The Blue Jays' lineup also used pink bats in both batting practice and the game, with center fielder Kevin Pillar recording both of his hits with the pink bat and others, such as designated hitter Edwin Encarnacion, wearing pink batting gloves.
The united front is a tradition that has carried over across Major League Baseball.
Authentic game-used Louisville Slugger pink bats and other gear from Mother's Day games will be auctioned exclusively at MLB.com, with proceeds benefiting the fight against breast cancer. The complete Mother's Day collection -- which includes the special caps and jerseys being worn by players on Sunday -- is available at the MLB.com Shop.
Blue Jays starter Marco Estrada spoke glowingly of the initiative after pitching seven innings of one-run ball on Sunday. The 32-year-old wore specially designed pink cleats in his outing, and said he was more than thrilled to participate.
"I want to show my love and support for both causes, and any time we get to do something like this, it means a lot," Estrada said. "Not only for me, but the entire team and entire league."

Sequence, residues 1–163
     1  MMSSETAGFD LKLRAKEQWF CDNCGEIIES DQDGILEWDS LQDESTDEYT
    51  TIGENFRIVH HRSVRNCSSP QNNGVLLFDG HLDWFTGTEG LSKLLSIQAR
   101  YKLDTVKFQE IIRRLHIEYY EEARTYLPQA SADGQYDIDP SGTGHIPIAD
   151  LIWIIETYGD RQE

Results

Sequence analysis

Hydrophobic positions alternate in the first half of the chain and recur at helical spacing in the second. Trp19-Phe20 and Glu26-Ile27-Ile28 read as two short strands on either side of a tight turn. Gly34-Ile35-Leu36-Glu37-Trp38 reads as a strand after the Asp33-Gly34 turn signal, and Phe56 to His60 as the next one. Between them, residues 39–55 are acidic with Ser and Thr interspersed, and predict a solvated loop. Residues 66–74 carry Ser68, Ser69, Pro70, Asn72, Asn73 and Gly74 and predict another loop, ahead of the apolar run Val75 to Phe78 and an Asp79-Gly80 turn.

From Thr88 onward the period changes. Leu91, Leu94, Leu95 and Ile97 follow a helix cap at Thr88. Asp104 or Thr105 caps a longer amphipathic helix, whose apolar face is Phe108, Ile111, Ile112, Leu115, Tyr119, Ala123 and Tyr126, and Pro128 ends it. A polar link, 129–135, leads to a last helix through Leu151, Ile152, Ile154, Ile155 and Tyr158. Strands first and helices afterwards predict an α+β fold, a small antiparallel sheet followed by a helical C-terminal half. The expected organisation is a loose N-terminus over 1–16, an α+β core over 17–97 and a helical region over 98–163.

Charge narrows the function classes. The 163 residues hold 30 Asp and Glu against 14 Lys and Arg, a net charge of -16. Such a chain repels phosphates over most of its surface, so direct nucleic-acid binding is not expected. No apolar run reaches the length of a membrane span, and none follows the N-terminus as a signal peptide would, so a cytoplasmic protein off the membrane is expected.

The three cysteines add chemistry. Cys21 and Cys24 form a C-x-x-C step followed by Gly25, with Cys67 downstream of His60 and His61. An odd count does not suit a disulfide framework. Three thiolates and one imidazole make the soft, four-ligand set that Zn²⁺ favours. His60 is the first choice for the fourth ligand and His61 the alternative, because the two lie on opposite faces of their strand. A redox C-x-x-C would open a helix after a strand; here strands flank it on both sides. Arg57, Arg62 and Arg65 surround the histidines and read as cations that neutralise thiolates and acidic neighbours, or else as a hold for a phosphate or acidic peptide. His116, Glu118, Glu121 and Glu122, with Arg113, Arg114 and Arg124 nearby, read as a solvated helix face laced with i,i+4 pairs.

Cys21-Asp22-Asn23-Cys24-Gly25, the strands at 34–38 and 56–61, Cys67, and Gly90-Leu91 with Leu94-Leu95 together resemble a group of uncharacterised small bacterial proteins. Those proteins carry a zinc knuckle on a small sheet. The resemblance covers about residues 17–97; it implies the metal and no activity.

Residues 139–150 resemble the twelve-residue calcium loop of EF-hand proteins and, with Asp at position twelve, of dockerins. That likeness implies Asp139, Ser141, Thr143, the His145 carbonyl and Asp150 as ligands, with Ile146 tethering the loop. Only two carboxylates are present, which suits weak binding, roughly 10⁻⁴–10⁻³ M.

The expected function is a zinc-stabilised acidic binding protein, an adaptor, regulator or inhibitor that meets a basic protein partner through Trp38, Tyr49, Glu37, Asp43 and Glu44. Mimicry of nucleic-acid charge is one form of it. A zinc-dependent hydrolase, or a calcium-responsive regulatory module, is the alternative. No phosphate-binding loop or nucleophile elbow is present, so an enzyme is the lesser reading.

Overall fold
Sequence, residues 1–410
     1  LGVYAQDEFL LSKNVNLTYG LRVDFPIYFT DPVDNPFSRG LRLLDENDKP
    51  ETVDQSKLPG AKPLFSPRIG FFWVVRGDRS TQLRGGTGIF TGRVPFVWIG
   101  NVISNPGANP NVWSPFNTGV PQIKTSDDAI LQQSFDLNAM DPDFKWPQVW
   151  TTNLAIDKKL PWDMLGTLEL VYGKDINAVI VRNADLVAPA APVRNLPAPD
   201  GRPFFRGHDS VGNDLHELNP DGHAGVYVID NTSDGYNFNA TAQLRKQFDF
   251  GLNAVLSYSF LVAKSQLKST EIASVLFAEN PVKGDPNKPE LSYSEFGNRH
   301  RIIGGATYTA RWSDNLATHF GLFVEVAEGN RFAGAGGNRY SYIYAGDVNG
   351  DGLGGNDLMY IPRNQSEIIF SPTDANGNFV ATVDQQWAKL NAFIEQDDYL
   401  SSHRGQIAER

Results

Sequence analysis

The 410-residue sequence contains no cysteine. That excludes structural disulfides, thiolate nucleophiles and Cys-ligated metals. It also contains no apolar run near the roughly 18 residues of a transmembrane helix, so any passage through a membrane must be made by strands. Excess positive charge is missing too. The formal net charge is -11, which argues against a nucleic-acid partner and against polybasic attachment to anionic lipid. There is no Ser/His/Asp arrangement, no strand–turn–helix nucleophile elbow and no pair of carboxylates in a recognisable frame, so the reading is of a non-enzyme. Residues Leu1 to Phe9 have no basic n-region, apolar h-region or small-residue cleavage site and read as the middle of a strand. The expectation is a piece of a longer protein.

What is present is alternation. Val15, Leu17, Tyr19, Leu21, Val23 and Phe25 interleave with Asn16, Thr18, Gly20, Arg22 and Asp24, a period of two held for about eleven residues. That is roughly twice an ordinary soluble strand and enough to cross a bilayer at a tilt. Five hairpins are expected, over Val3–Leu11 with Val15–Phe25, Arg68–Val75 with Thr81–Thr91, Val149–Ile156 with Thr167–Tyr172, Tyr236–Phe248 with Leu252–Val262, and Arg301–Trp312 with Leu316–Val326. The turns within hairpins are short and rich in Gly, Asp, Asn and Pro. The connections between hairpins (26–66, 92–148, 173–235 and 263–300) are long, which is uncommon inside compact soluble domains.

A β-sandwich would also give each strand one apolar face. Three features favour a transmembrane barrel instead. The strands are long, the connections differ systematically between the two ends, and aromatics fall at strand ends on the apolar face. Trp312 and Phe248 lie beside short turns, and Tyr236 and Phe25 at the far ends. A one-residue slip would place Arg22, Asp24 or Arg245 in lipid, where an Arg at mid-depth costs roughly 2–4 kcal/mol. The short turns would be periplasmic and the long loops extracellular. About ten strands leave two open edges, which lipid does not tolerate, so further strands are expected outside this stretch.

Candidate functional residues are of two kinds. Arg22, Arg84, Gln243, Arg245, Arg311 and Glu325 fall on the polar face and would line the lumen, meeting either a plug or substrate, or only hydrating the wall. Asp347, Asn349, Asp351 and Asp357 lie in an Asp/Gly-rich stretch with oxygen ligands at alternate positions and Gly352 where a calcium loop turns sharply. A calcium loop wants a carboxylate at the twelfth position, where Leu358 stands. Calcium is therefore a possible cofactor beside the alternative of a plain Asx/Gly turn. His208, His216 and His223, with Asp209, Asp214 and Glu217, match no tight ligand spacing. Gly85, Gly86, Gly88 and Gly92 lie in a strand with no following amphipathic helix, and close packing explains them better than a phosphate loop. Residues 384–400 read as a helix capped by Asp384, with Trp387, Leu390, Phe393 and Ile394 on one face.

The Blue Jays continued that trend throughout the Rogers Centre on Sunday, with the grounds crew placing a message that read "Love you mom" into the dirt prior to batting practice and the bases for the game having a pink Mother's Day label attached to the side.
Players and personnel also wore pink ribbons on their jerseys, while fans were encouraged to visit the WestJet Flight Deck in center field after it was redesigned in pink colors and featured a Mother's Day station. In addition, the Blue Jays provided fans in attendance with replica jerseys upon arrival.
"We're all very proud to do it, and we want to do everything possible for the awareness," Estrada said. "It means a lot being able to wear stuff like that once in a while."
Alykhan Ravjiani is a reporter for MLB.com based in Toronto. This story was not subject to the approval of Major League Baseball or its clubs.